Potato Farmer Initial Meeting
By Team B (Tom, Elisabeth and Ashley)
We ventured a full 3 hours outside of Kigali to the northwest corner of Rwanda today, near the town of Goma. This is right near the border with the Democratic Republic of Congo and Lake Kivu. The purpose of our field visits today was to visit with potatoes producers in the province and help identify possible solutions to their common problems. Producers in the area work in groups of 20-30 individuals who use a practice called “positive selection” to selectively breed for desired characteristics in potatoes. As part of these plots, Non-Governmental Organizations also provide training in identifying potato diseases like bacterial blight and viral infections.
We learned the major challenges faced by these potato farmers are disease management, quality seed varieties, and marketing/storage of their crop. Disease management involves identifying harmful diseases when they first occur, so that treatment can be applied early. Farmers shared stories of noticing bacterial blight on one plant, and within a week, it had spread to the entire field. We were surprised to learn that these farmers have access to and can generally afford synthetic pesticides similar to those in the United States. However, they cannot afford a sprayer to apply them.
Quality seed varieties are currently being developed here in Rwanda, as they are in the US. ISAR, the national agricultural research institute, helps to develop varieties with different traits that are then tested by farmers through programs similar to extension. These varieties are then used by the local farmers in the “positive selection” process described above to move closer to ideal varieties. Quality seed can help maximize yields as well as minimize a disease infestation which decreases the need for pesticides, always a cost efficient benefit.
We spent most of our time discussing the marketing and storage of potatoes. Farmers are currently receiving less than a fair price for their crop because of unfair manipulation by “middlemen”. These middlemen serve the important role of transporting and marketing potatoes to the Kigali and Congo markets. In recent years however, they have promised farmers a certain price, but then changed the price when the potatoes were actually delivered. Because these middlemen have few other options to sell/market their products, they are forced to take the price being offered.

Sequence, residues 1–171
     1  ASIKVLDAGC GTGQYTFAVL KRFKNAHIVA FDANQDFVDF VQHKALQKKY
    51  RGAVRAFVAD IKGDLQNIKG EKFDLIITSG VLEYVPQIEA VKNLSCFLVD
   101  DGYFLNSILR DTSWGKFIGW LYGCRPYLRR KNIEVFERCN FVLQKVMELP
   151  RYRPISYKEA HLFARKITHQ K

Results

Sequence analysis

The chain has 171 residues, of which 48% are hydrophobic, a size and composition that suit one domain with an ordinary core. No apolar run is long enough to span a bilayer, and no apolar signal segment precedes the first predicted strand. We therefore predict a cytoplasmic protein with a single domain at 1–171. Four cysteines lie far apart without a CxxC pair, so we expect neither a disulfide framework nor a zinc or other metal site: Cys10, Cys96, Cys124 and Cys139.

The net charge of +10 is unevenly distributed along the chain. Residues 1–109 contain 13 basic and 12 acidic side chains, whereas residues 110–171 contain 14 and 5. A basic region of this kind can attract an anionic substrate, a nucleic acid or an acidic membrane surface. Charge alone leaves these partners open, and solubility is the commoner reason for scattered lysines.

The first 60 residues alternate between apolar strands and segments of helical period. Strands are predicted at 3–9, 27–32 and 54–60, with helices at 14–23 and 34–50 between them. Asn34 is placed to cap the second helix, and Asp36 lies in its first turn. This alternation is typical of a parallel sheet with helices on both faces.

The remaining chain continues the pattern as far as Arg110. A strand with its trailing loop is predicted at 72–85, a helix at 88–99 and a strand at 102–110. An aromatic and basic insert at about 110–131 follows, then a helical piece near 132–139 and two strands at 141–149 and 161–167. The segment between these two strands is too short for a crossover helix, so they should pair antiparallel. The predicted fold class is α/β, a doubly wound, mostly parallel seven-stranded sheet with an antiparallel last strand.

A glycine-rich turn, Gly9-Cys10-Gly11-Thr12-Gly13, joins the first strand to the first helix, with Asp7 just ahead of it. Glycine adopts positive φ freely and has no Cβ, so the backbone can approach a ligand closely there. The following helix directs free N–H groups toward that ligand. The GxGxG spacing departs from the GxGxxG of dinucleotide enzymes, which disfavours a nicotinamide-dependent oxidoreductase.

A key solution to this issues that we suggested and discussed was a farmer owned and operated cooperative that serve as the middleman, thus delivering the best price to the farmers. Several years ago, there was a cooperative functioning in this manner. However, the cooperative was later found to be corrupt causing farmers to lose trust in the organization and the cooperative failed. Because of this, farmers are weary to start another cooperative, but a cooperative would be well structured to give the farmers the best price possible. Because cooperatives pool resources between the many farmers in a region, they would hopefully be able to acquire financing to purchase the necessary trucks/equipment to transport goods to the Kigali market. Instead of the middleman paying little to the farmers and charging higher prices in the market, the farmers would be capturing this as profit, minus the operating expenses of transportation and storage. We suggested that this route continued to be explored, as this would be an ideal marketing situation, if the farmers can overcome their distrust of the previous cooperative.
Tomorrow we will be in the region learning more about the “positive selection” process and visiting a Diffused Light Source (DLS) storage facility. We are looking forward to learning more about the storage of seeds and seeing if we can shed some new light on a step towards being able to provide these farm groups with adequate storage facilities. While we certainly do not have all the answers to these farmer’s challenges, we are hopeful to see how some of our ideas and background can help.